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Got my heavy trolling rod ready

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  • jhjimbo
    replied
    This is an average Salmon we were catching - our limit.
    Attached Files

    Leave a comment:


  • Ontario Honker Hunter
    replied
    Originally posted by pineywoods View Post
    In my never humble opinion, you are over-gunned for most fresh water fish. What kind of fish is likely to run off 600 yards of 20# line?
    I had a good bit of experience with the 309 Penn back when I was chartering, and while it is a good reel, it tends not to hold up well after repeated encounters with heavy fish and the level wind has to be babied so that it won't be destroyed by the hostile salt environment. The newer Penn Squall seems to be a much better reel at a reasonable price.
    Whatever happens, I hope you find some fish willing to take you down into your backing---repeatedly. Have fun, get you some good eating, and keep those roller guides oiled up and spinning free. GET BENT!
    Yeah, you have to look after those Penn reels, especially in saltwater. I replaced the pawl in mine often twice a season. And I'd always hose down my reels and rods every time I came in. Just moving those rods around the other day and noticed there's still salmon scales stuck to a few of them. Haven't caught a salmon with them since my son was a youngster about five. He'd be 22 if still alive today. In spite of best efforts it's almost impossible to get it all cleaned off.

    Leave a comment:


  • Ontario Honker Hunter
    replied
    Originally posted by Ontario Honker Hunter View Post
    I agree with pineywoods. That is an ocean shark fishing outfit maybe. Or sturgeon if you actually had some good fishing for them. That rod will give you a lot of problems fishing anything less in freshwater. I have caught a ton of salmon in my cruiser and DEFINITELY do not want a rod that stiff. They shake on it too easily and tear loose the hooks. Also when the slack pops out after the line lets go of downrigger, you want something with more action to it to absorb the shock gently. A rod that stiff will either tear out the hook or break the line. Pick up a salt water jigging pole. They are stiff enough but sufficient action in the tips to keep the fish on. You'll never set the hook on a walleye with anything that stiff. They are too nibbly. Those old roller guide poles were meant mostly for steel line trolled with lots of lead in the old days before downriggers were perfected. Pretty much a dinosaur for freshwater these days.

    The Penn 309 is not a bad choice at all. I have two of them I use on Shimano jigging rods. You need a lot of backing to fill up the spool. Doesn't matter if you never use it. It's there as filler. To fill up that spool with expensive braided line would break the bank! Best to have the spool full or nearly full for fast retrieve.

    P.S. Go ahead and make your reel photos Top Answer so they pop up below your other photos. We won't hold it against you. :-)
    Some guys might fish halibut with something that heavy but not salmon or steelhead. Those are the species I consider "light salt water" fish. I'd say that's a light heavyweight rod at best. Sailfish, tarpon, and shark outfits are super heavyweight in my book. Given the short rod length and roller guides, I'd say almost for certain this is one is an old pre-downrigger steel line outfit for lunker lake trout. The reel would not have been used for that though. Steel line reels were large flat spooled things (looked somewhat like oversized fly reels) with no level line (steel would eat those up). Those reels were real high maintenance and prone to birds nest unless the line was reeled in tightly and let out carefully. A birds nest with steel line was pretty much impossible to untangle.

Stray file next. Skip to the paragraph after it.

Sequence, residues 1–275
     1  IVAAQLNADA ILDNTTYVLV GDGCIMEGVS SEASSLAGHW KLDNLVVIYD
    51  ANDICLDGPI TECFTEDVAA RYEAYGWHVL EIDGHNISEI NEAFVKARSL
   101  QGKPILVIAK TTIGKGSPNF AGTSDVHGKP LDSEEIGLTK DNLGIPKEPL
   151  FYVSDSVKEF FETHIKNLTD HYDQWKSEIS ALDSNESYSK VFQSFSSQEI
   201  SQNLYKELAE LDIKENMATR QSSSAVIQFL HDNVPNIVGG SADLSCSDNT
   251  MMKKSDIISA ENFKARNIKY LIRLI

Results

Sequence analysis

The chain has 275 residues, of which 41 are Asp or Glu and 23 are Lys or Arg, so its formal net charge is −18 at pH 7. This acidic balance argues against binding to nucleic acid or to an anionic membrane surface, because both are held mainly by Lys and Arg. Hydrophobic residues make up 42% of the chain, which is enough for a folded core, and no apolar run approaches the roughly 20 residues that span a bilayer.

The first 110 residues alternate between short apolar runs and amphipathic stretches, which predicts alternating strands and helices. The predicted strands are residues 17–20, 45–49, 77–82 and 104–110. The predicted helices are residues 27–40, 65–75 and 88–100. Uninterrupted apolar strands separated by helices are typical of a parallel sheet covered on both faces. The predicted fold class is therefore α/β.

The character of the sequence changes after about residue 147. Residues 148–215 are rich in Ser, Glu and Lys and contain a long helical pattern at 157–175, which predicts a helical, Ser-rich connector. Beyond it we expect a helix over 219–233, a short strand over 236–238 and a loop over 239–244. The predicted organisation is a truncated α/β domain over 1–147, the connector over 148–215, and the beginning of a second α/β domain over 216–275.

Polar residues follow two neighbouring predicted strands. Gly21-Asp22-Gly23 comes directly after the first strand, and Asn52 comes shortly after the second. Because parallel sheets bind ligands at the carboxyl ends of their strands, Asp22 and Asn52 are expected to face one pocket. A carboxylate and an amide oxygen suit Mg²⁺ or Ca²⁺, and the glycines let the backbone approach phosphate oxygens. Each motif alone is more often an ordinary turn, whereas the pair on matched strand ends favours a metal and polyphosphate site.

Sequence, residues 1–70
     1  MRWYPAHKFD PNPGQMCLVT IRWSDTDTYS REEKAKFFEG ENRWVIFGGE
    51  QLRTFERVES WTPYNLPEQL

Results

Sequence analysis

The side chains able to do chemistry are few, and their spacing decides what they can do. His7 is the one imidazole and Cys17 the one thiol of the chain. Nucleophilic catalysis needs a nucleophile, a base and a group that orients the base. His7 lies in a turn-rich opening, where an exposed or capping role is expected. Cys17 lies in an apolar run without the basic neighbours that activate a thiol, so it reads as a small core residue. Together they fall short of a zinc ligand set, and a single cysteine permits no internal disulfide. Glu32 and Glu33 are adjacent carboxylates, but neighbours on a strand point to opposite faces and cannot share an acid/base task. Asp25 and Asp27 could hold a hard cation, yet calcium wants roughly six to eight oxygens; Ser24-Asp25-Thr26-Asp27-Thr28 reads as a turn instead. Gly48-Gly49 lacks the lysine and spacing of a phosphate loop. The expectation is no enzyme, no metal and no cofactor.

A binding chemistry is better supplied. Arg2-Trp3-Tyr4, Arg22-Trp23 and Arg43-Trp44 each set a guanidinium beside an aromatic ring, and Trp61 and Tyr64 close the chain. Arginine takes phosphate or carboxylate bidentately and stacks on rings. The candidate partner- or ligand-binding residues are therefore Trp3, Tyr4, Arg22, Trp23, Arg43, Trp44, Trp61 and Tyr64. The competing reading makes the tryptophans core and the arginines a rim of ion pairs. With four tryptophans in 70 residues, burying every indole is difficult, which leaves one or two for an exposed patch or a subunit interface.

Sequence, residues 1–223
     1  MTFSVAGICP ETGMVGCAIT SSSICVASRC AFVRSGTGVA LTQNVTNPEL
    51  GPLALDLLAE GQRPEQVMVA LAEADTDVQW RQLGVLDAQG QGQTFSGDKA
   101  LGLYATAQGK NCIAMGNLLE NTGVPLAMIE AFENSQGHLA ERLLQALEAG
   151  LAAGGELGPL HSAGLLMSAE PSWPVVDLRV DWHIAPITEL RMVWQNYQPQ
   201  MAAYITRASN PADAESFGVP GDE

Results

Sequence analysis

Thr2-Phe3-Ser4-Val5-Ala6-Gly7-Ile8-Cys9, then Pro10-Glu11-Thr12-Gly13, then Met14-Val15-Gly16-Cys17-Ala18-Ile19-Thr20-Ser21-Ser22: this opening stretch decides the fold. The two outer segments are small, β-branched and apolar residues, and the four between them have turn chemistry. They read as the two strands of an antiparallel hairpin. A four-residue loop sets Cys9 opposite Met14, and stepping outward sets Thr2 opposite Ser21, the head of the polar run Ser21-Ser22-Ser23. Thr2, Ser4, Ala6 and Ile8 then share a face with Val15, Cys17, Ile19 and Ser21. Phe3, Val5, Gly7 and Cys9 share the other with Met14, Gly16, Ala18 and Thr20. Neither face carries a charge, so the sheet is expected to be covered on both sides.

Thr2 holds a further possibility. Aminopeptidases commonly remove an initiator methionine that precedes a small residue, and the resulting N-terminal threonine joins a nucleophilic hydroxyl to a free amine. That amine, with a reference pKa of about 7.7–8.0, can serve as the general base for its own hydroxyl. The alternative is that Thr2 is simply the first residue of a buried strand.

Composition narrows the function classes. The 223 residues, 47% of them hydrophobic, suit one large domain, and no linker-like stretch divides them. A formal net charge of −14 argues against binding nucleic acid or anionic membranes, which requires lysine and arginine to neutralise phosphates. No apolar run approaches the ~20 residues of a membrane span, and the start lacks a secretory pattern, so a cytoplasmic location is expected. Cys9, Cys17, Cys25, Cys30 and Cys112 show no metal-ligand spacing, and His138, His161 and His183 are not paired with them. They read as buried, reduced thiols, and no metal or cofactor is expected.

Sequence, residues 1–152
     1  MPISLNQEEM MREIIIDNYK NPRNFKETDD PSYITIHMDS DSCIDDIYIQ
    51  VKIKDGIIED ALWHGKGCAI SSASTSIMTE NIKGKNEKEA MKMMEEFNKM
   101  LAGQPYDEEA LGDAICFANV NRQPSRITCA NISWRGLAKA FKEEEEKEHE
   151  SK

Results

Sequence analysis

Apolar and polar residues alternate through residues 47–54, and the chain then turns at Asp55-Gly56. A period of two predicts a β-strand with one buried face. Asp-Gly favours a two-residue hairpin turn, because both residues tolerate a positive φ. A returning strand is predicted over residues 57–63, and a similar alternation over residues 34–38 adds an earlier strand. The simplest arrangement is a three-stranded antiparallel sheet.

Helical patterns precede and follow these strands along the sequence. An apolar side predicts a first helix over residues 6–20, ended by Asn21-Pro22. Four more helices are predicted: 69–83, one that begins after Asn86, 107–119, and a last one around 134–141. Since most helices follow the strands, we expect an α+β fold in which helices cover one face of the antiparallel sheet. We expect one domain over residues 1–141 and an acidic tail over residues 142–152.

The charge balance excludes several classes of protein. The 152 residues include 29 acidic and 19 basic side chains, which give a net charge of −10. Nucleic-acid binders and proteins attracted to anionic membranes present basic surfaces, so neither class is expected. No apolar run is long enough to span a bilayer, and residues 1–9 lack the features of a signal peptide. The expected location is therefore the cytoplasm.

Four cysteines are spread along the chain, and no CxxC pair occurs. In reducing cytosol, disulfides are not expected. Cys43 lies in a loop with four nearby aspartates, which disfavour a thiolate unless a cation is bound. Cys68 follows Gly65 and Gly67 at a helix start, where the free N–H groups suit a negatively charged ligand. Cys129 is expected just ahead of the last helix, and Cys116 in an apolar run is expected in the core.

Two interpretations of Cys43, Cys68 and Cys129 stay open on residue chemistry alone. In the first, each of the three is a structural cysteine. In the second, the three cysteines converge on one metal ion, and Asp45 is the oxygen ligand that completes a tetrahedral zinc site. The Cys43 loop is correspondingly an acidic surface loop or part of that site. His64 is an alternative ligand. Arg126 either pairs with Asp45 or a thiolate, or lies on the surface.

Back when I was a kid, Flathead Lake in Montana had lunker lakers up to 45 lbs. They ran very deep and required steel line to get lures down to them. I saw a LOT of roller rods like this one when I was growing up. Didn't mess with those lakers myself as they were greaseballs that smelled like catfood gone bad. Today the antique stores around Lake Superior a full of those steel line dinosaurs.

    Leave a comment:


  • jhjimbo
    replied
    Originally posted by Ontario Honker Hunter View Post
    I agree with pineywoods. That is an ocean shark fishing outfit maybe. Or sturgeon if you actually had some good fishing for them. That rod will give you a lot of problems fishing anything less in freshwater. I have caught a ton of salmon in my cruiser and DEFINITELY do not want a rod that stiff. They shake on it too easily and tear loose the hooks. Also when the slack pops out after the line lets go of downrigger, you want something with more action to it to absorb the shock gently. A rod that stiff will either tear out the hook or break the line. Pick up a salt water jigging pole. They are stiff enough but sufficient action in the tips to keep the fish on. You'll never set the hook on a walleye with anything that stiff. They are too nibbly. Those old roller guide poles were meant mostly for steel line trolled with lots of lead in the old days before downriggers were perfected. Pretty much a dinosaur for freshwater these days.

    The Penn 309 is not a bad choice at all. I have two of them I use on Shimano jigging rods. You need a lot of backing to fill up the spool. Doesn't matter if you never use it. It's there as filler. To fill up that spool with expensive braided line would break the bank! Best to have the spool full or nearly full for fast retrieve.

    P.S. Go ahead and make your reel photos Top Answer so they pop up below your other photos. We won't hold it against you. :-)
    Honk, This is considered light salt water gear.

    Leave a comment:


  • Ontario Honker Hunter
    replied
    Originally posted by pineywoods View Post
    Do be careful with that reel. I have seen a couple of people get badly mashed fingers from the level wind when a big fish was taking out line. Nothing major, but painful. And it gets blood all over your nice, clean reel. Tight lines.
    It was never a problem with my Penn reels. When fish is running out line, one hand is hanging onto the rod and the other is cranking the reel handle. Fingers are nowhere near the line leveler. I suppose a fool who didn't know what he's doing might stick his hand in the reel pulling it out of rod holder.